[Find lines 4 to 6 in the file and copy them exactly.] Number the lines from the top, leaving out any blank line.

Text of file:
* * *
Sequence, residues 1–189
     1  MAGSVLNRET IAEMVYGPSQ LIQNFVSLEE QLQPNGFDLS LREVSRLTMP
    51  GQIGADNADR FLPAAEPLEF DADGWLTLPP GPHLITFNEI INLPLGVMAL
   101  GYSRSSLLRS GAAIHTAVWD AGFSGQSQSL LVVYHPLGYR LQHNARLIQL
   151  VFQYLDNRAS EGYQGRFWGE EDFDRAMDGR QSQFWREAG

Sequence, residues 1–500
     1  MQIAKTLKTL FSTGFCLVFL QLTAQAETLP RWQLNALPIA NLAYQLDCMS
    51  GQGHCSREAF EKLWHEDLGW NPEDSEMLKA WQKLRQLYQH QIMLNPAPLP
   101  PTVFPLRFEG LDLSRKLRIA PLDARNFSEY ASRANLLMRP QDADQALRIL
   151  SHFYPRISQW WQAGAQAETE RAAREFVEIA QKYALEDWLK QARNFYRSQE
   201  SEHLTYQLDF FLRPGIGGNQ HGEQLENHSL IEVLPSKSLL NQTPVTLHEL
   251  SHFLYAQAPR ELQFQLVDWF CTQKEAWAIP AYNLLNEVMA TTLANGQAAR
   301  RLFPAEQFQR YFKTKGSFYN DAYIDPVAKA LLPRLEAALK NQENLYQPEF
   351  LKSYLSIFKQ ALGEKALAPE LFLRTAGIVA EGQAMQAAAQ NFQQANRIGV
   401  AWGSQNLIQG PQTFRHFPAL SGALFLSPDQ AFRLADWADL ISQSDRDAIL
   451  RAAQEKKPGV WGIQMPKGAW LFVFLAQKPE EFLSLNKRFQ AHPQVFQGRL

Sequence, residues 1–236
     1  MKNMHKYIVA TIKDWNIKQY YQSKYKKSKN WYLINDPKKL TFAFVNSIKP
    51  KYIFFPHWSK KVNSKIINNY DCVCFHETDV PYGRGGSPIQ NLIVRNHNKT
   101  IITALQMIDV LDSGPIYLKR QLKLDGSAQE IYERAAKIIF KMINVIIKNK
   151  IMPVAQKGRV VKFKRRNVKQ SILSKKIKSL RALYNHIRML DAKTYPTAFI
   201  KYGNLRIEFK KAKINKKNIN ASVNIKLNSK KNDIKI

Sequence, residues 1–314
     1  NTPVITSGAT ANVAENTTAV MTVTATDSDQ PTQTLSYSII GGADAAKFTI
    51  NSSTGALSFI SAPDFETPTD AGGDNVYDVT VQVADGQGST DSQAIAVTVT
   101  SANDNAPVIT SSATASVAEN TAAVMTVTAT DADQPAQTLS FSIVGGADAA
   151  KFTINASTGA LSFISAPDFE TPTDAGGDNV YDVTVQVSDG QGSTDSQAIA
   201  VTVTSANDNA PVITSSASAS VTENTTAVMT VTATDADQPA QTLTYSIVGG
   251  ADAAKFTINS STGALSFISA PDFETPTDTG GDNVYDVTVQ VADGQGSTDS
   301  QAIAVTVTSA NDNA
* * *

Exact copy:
   101  GYSRSSLLRS GAAIHTAVWD AGFSGQSQSL LVVYHPLGYR LQHNARLIQL
   151  VFQYLDNRAS EGYQGRFWGE EDFDRAMDGR QSQFWREAG

Sequence, residues 1–500